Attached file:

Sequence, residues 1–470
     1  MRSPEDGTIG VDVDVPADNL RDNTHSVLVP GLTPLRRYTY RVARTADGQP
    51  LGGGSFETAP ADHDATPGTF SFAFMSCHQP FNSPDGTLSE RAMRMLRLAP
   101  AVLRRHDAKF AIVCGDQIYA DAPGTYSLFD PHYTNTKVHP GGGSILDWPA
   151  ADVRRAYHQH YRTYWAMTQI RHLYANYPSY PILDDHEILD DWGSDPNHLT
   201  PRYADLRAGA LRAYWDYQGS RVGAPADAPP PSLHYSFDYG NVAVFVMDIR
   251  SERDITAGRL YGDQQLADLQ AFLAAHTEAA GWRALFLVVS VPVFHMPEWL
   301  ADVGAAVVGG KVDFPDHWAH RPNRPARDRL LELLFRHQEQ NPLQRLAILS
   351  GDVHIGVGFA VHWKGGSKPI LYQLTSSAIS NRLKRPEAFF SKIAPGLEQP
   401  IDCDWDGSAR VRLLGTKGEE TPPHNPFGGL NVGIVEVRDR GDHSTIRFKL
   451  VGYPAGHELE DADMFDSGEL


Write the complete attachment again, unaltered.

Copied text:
Sequence, residues 1–470
     1  MRSPEDGTIG VDVDVPADNL RDNTHSVLVP GLTPLRRYTY RVARTADGQP
    51  LGGGSFETAP ADHDATPGTF SFAFMSCHQP FNSPDGTLSE RAMRMLRLAP
   101  AVLRRHDAKF AIVCGDQIYA DAPGTYSLFD PHYTNTKVHP GGGSILDWPA
   151  ADVRRAYHQH YRTYWAMTQI RHLYANYPSY PILDDHEILD DWGSDPNHLT
   201  PRYADLRAGA LRAYWDYQGS RVGAPADAPP PSLHYSFDYG NVAVFVMDIR
   251  SERDITAGRL YGDQQLADLQ AFLAAHTEAA GWRALFLVVS VPVFHMPEWL
   301  ADVGAAVVGG KVDFPDHWAH RPNRPARDRL LELLFRHQEQ NPLQRLAILS
   351  GDVHIGVGFA VHWKGGSKPI LYQLTSSAIS NRLKRPEAFF SKIAPGLEQP
   401  IDCDWDGSAR VRLLGTKGEE TPPHNPFGGL NVGIVEVRDR GDHSTIRFKL
   451  VGYPAGHELE DADMFDSGEL